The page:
Now, the application does not have any secrets to tell.   And, management of the entire setup can be done at the central security consoles of the enterprise by authorized personnel – not necessarily the application developers.   In many corporations you are required to do this, not to “roll your own” or to embed any passwords in any source-code (obfuscated or not).

      There is a credible alternative that is available in corporate environments: LDAP (OpenDirectory), or Kerberos.

      Well, let's see what we can make of this bold statement:


      PostgreSQL can in fact authenticate against an LDAP server. This is documented in https://www.postgresql.org/docs/9.6/static/auth-methods.html (Note: Intentionally linking to 9.6, not current). But let's have a look at the documented details (emphasis mine):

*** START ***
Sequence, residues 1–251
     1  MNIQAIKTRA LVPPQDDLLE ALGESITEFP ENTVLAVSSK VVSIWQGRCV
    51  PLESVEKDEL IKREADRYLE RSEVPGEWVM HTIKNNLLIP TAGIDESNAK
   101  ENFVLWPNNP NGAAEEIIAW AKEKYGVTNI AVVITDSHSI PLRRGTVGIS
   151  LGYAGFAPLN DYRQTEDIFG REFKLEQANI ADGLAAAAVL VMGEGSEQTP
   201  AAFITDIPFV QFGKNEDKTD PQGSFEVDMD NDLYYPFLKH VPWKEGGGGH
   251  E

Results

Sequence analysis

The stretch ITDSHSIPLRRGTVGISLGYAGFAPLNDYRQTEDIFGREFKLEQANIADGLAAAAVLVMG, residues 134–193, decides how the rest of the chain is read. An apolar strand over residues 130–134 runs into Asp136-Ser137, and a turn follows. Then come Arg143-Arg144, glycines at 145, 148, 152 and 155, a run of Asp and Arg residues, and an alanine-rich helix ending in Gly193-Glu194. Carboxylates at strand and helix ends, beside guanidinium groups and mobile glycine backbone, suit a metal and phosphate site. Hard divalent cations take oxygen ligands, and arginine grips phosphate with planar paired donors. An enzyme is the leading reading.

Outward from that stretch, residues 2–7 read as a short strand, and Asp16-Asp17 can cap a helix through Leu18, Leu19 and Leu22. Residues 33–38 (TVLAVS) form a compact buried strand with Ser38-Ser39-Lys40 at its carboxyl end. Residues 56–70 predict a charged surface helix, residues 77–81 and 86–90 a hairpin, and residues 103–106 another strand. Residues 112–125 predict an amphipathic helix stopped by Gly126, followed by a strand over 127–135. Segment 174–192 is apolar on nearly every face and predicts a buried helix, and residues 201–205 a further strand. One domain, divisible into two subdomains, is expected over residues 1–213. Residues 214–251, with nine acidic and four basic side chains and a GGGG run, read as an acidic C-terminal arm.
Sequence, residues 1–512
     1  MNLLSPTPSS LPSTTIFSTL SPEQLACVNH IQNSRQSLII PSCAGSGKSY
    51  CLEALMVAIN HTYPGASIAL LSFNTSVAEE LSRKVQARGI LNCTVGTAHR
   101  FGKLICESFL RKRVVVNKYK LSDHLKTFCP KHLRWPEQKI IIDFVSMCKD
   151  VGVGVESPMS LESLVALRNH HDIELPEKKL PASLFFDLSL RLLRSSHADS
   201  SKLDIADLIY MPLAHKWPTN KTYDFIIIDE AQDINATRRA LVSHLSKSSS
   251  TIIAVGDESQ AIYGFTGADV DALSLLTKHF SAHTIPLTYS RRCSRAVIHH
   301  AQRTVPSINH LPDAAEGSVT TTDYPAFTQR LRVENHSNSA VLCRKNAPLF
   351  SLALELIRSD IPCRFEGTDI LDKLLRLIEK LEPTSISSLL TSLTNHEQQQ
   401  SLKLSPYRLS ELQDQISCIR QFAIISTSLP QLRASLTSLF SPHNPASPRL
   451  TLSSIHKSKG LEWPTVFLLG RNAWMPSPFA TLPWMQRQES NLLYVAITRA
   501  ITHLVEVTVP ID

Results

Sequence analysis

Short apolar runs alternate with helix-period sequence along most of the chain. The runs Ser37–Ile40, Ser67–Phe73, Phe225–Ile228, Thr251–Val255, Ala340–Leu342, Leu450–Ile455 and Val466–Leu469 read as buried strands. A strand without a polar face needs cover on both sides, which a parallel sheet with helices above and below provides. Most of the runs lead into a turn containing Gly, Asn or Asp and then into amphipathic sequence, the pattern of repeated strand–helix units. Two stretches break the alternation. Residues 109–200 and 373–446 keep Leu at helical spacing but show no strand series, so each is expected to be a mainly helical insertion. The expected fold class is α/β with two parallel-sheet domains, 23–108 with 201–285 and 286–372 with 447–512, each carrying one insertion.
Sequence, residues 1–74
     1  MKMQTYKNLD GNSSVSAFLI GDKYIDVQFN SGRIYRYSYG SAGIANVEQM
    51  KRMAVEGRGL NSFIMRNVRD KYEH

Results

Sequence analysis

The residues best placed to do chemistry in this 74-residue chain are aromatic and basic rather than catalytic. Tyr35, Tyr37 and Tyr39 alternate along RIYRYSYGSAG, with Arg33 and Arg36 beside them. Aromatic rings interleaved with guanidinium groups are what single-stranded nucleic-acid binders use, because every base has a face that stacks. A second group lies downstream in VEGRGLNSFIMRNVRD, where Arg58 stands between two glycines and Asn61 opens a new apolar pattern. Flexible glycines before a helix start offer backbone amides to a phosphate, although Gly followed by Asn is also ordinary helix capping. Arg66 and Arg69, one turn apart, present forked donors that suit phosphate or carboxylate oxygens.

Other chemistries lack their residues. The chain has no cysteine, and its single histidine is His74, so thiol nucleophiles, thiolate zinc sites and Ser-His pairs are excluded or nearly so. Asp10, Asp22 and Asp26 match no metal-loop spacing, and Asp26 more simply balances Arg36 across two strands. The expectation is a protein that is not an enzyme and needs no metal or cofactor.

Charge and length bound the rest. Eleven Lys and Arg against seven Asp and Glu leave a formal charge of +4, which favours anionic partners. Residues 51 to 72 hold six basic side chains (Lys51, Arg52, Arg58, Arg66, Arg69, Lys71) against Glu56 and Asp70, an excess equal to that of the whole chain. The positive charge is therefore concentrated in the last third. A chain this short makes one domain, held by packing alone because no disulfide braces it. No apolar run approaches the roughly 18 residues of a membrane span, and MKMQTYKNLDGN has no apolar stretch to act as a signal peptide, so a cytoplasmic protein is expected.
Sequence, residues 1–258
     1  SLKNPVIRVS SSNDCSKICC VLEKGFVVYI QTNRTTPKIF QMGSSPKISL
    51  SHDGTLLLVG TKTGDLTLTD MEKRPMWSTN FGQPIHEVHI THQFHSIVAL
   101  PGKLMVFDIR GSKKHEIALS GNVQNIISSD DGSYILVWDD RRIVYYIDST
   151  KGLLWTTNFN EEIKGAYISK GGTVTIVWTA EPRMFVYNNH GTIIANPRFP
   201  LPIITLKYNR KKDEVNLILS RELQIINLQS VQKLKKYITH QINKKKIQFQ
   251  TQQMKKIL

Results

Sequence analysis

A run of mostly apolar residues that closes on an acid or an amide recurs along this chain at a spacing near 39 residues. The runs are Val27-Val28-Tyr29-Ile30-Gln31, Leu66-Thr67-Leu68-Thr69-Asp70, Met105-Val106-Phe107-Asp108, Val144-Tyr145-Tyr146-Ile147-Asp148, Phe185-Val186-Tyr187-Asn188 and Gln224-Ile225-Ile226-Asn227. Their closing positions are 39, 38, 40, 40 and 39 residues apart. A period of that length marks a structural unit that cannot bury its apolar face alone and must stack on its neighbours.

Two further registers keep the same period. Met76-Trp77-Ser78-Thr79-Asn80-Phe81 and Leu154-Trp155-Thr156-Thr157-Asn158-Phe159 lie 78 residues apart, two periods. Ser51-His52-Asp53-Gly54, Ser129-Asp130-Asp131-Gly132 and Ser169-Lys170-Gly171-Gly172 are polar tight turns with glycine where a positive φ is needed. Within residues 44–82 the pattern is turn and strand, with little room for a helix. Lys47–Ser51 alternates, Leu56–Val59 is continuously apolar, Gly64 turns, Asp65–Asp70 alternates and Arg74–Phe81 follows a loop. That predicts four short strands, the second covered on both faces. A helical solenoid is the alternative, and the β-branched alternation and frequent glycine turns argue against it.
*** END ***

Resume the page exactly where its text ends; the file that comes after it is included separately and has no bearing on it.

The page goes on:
20.3.7. LDAP Authentication

      This authentication method operates similarly to password except that it uses LDAP as the password verification method. LDAP is used only to validate the user name/password pairs. Therefore the user must already exist in the database before LDAP can be used for authentication.

      LDAP authentication can operate in two modes. In the first mode, which we will call the simple bind mode, the server will bind to the distinguished name constructed as prefix username suffix. [...]